A Deloitte LLPsurvey echoes those results. Only 15% of 500 executives polled said that the risks of social media are being addressed in the boardroom, although 58% said they agree that it's important to do so. But even those that do have policies may not effectively communicate them. Of 2,008 employees that Deloitte surveyed, 26% said their employers had guidelines regarding what they could say online, 24% said they didn't know if their employers had such a policy, and 11% said that there was a policy but they didn't know what it was.
Not that a policy covers every base, says Ira Winkler, a Computerworld.com columnist as well as the author of Spies Among Us (Wiley, 2005) and president of Internet Security Advisors Group, an IT security firm whose services include espionage simulations. But certainly a hands-off approach is no longer an option, nor is blocking the use of social sites at work.
"Too many companies want to say, 'That's your private life, so I won't bother you,' " he says. "But people's insecure behavior at home proliferates insecurity in the business."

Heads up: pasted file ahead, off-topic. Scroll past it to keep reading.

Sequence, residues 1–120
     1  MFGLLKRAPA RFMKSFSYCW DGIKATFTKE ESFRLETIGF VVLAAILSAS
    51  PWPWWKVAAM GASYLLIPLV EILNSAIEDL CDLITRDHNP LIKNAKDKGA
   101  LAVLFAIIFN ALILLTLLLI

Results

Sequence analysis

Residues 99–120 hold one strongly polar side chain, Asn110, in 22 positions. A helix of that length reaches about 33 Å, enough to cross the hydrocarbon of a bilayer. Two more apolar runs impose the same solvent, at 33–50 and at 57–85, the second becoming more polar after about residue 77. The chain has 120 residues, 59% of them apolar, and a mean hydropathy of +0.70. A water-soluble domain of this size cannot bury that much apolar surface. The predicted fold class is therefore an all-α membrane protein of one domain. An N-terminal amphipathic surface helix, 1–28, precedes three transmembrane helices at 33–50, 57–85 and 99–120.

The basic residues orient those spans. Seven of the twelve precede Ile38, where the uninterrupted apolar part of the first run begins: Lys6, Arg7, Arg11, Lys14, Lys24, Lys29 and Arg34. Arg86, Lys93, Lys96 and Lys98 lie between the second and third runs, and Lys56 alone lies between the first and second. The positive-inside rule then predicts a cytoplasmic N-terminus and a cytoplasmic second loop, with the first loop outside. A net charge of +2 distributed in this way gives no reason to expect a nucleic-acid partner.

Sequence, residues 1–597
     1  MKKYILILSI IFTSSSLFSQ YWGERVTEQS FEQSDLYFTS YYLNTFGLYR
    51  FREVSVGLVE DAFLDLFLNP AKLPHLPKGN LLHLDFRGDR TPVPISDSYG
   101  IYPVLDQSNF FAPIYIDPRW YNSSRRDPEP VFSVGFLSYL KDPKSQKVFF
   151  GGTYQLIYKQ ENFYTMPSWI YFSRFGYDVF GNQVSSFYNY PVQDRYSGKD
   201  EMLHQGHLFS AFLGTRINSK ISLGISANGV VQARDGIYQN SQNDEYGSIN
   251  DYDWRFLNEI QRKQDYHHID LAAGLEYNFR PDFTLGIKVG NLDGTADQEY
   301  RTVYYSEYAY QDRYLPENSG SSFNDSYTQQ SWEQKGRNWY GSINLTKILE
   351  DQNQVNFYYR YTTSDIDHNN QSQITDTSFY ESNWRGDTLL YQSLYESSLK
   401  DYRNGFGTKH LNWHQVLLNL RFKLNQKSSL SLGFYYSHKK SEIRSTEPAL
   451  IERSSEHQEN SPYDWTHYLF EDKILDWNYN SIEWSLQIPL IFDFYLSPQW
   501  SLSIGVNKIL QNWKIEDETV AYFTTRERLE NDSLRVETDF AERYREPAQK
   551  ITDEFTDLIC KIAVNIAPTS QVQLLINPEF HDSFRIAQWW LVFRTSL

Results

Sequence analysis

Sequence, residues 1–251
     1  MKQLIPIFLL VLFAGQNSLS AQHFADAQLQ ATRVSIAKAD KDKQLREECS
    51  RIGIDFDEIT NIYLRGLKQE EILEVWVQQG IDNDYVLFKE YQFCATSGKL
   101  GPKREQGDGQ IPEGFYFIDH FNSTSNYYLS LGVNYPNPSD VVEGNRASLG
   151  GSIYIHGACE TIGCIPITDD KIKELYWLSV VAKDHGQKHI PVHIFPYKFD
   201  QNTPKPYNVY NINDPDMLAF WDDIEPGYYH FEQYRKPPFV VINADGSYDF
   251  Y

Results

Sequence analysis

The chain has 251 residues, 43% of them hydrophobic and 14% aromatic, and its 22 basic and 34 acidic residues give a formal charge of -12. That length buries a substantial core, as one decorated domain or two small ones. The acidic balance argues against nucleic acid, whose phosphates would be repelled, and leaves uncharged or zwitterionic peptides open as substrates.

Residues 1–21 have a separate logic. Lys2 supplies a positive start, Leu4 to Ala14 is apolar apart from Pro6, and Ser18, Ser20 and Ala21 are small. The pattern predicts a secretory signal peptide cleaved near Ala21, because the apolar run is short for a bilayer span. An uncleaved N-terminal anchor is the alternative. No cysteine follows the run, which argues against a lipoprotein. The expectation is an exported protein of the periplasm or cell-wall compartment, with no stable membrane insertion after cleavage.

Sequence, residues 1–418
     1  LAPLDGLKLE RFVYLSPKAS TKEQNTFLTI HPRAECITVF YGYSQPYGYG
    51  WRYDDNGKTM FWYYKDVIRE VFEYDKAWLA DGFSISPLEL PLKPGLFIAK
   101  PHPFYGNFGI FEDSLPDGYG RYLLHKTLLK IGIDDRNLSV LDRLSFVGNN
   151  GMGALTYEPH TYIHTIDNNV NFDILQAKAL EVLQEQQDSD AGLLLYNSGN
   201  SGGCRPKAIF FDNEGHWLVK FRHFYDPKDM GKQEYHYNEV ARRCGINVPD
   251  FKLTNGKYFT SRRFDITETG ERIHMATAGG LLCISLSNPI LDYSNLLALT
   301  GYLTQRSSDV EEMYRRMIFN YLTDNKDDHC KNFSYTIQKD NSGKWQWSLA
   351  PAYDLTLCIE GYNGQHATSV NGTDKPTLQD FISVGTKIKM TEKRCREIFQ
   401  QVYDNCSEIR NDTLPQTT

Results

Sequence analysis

The concern isn't just that employees will divulge sensitive data outright. It's that they'll reveal enough information about themselves or their workplaces -- either in one profile or distributed over several -- to enable an imposter to assess their personalities and gain their trust, figure out responses to their password-reset questions or convincingly pretend to be a co-worker, business partner or customer (see "How Hackers Find Your Weak Spots").
"Little pieces of information put together the big picture," Winkler says. Valuable tidbits include birth dates; the names of children, pets and best friends; facts about employers or comments about how projects at work are going; lists of hobbies; updates about vacations or life-changing events; and links to friends. The information is simple to find, either by using reconnaissance tools such as those available at sites like Maltego.com and Pipl.com or by simply doing searches on Facebook or LinkedIn.